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Shock, horror! One in eight of us admire NOTHING about our boss

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Shock, horror! One in eight of us admire NOTHING about our boss


Published by Anonymous for in Communities

Shock, horror! One in eight of us admire NOTHING about our boss Shock, horror! One in eight of us admire NOTHING about our boss

In what will probably come as a shock to many, a new report has revealed that one in eight of us cannot name a single quality they admire in their manager.

And in even more bad news for bosses, three-quarters of us admit to talking about our dear leaders behind their backs.

According to Investor in People's research, the most frequently despised stunt pulled by managers is not giving reward or recognition where it’s due, which was named by 19% of workers as a source of huge frustration.

Being disorganised, not motivating staff, and not caring about their employees’ career progression were also named as among the most loathed qualities.

When workers were asked what qualities they most admire in their boss, 'being trusted to do the job' came out top, named by 34%.

Being approachable and having experience in the job was also ranked highly among staff.

These traits were also ranked highly when employees were asked what qualities they think make a good manager in general; being approachable was listed by 36% of staff, followed by having organisational skills (34%) and strength of relevant experience (33%).

The research also found that having a good relationship with a manager is important to overall job satisfaction. Over half (53%) of those who said they get on with their manager are happier in their job, with a quarter (24%) saying it makes them work harder as a result.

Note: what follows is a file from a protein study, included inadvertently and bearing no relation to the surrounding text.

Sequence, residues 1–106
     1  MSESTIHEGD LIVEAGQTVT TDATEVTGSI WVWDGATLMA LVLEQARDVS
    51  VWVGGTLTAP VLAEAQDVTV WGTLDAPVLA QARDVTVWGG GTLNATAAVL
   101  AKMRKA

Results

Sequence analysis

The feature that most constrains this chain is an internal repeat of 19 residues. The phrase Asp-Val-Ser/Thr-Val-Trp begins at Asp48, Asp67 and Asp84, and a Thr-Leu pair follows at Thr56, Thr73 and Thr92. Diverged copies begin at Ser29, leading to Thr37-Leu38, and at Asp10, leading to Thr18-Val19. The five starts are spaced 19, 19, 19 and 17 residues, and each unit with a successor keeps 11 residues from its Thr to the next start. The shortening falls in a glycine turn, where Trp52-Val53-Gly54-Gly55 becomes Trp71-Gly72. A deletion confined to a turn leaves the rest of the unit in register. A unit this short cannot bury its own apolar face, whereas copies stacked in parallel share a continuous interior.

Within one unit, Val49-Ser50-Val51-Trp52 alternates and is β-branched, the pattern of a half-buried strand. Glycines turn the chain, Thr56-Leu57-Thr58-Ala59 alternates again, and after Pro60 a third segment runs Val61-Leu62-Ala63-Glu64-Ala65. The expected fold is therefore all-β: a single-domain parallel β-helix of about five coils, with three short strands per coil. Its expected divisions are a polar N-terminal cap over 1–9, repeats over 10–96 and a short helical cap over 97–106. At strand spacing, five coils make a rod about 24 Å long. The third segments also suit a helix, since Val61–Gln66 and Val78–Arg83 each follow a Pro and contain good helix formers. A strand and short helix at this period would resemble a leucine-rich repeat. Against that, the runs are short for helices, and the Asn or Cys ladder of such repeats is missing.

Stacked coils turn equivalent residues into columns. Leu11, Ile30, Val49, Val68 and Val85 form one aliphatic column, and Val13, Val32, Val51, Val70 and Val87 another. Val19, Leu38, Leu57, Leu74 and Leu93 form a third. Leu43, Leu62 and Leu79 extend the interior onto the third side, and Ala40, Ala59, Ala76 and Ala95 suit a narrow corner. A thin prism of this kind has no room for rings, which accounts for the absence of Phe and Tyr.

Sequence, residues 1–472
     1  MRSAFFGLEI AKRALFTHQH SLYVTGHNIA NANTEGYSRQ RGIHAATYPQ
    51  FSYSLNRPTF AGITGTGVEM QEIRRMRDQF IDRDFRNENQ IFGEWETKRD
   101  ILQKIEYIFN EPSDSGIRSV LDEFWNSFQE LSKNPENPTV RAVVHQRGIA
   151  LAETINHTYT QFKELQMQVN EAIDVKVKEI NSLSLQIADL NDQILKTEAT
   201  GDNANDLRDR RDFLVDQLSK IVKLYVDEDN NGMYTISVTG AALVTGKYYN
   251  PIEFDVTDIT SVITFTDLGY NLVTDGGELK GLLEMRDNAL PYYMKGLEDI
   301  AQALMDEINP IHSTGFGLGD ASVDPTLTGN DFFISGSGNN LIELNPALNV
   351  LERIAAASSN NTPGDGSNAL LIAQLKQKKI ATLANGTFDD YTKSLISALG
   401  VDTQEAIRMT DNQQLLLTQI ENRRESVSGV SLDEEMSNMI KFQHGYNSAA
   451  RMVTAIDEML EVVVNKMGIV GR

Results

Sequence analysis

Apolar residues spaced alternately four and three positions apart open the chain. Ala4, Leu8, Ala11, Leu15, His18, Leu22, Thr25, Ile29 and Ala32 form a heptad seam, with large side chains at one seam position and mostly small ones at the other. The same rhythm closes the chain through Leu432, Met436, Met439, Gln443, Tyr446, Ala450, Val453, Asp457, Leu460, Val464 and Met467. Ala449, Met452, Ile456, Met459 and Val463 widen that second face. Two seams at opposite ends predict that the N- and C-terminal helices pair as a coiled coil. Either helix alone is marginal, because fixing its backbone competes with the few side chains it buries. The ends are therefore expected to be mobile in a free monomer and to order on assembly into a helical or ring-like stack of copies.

Almost one in four workers (23%) believe they will stay longer at their current company due to getting on with their manager.

But it’s a bleaker picture for the 14% of staff who said they do not have a good relationship with their manager.

Almost half of workers (43%) have considered looking for a new job as a result and 39% feel stressed or anxious.

Particularly worrying for bosses will be the fact that a third (36%) feel less motivated to do a good job for the company, and 22% simply do not work as hard if they do not get on with their boss.

The research found that workers connect particular qualities with being a ‘modern manager’: with being approachable (32%); having respect for colleagues’ opinions (29%); and working for the good of the team rather than having a big ego (29%) coming out top.

In contrast, almost a third connect being hierarchical and separate from staff with being an ‘old-fashioned’ leader.

Paul Devoy, head of Investors in People, said: “While there are a lot of good managers out there, for the 3.7 million workers in the UK who can’t name a single quality they admire in their boss there is clearly some work to be done. It’s not something that companies should just accept as inevitable; bad bosses result in unhappy, unproductive staff who will leave your business sooner.

“At Investors in People, we believe that good people make a great business – and that it’s crucial to nurture staff to get the best out of them. If staff are unhappy because of their manager, senior management should step in to identify the problem and remedy it – whether that’s through management training, improving the reward and recognition structure, or in making sure that all staff are more involved in key decisions and processes.”


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